Figure 6. Structure of the mCAR LBD–androstenol complex (PDB: 1XNX). (A) Ribbon representation of one of the two CAR molecules in the asymmetric unit bound to the ligand androstenol (cyan). (B) Interactions between CAR and androstenol within the ligand binding pocket, as shown by MOE software.
Figure 6. Structure of the mCAR LBD–androstenol complex (PDB: 1XNX). (A) Ribbon representation of one of the two CAR molecules in the asymmetric unit bound to the ligand androstenol (cyan). (B) Interactions between CAR and androstenol within the ligand binding pocket, as shown by MOE software.
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There is another report of the crystal structure of the mCAR-LBD in complex with the steroid ligand 5β-pregnane 3, 20-dione (PDB: 1XV9) [80]. The steroid molecule interacts with the hydrophobic residues Phe161, Ile164, Leu206, Phe217, Tyr224, Phe234, and Leu242 of CAR [80]. There is a hydrogen bond between the C21 ketone and His203 that may help to stabilize the steroid molecule in the ligand-binding pocket of CAR [80]. The important residues of the CAR LBD that bind to 5β-pregnane 3, 20-dione are shown in Figure 7.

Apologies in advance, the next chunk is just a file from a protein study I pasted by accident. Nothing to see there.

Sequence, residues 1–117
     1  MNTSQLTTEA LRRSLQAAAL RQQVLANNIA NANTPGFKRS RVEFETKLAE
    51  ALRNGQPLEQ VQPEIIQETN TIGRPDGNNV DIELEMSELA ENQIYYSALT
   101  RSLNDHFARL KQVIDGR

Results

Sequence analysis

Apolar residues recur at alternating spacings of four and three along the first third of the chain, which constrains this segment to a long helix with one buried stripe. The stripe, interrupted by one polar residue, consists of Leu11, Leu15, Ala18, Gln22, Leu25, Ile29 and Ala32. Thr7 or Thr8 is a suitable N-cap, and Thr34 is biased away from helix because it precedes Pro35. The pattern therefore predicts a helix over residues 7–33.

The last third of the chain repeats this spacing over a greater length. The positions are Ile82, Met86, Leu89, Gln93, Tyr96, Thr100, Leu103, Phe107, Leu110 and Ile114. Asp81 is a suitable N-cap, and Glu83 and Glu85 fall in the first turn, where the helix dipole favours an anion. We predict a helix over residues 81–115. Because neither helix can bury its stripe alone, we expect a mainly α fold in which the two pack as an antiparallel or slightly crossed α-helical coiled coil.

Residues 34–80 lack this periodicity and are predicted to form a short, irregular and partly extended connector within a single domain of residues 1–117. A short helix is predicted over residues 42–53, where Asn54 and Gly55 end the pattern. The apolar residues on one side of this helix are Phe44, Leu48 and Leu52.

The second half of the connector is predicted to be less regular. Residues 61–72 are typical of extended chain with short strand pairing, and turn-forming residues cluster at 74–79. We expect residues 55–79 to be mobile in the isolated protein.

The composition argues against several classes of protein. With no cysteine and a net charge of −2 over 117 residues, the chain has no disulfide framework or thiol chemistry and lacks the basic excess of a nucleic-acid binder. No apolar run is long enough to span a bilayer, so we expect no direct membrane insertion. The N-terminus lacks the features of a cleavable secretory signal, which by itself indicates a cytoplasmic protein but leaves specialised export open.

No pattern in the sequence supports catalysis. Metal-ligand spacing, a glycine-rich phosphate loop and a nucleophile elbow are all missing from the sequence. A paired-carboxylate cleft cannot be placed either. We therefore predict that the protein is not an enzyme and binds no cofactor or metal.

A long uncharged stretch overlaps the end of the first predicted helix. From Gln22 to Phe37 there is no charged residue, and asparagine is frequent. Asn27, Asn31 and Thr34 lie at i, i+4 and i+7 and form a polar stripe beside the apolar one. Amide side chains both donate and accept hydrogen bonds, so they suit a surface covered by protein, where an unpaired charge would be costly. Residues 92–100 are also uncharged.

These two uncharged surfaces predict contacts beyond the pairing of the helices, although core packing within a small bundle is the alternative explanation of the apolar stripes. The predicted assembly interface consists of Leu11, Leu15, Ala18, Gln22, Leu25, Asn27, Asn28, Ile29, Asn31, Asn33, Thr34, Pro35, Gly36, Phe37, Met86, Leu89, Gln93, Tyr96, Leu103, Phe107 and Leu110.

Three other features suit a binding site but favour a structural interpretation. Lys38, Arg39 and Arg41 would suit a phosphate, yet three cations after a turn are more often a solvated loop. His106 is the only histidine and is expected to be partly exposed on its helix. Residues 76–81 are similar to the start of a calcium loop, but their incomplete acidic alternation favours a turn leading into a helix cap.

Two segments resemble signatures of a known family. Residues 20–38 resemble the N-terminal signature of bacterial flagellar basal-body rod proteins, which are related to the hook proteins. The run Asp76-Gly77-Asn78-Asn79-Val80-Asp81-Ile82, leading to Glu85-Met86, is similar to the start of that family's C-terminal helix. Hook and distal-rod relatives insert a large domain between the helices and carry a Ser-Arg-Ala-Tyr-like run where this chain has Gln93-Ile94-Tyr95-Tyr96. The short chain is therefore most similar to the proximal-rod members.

Figure 7. Structural analysis of the interactions between mCAR LBD and 5β-pregnane-3,20-dione (cyan) within the ligand binding pocket, as shown by MOE software (PDB:1XV9). The important residues of CAR are shown in red. The figure was generated by using MOE software.
Figure 7. Structural analysis of the interactions between mCAR LBD and 5β-pregnane-3,20-dione (cyan) within the ligand binding pocket, as shown by MOE software (PDB:1XV9). The important residues of CAR are shown in red. The figure was generated by using MOE software.
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This CAR-steroidal ligand complex structure will be useful in elucidating how steroid ligands bind to the CAR LBD and in structure-based drug design.

8. Conclusions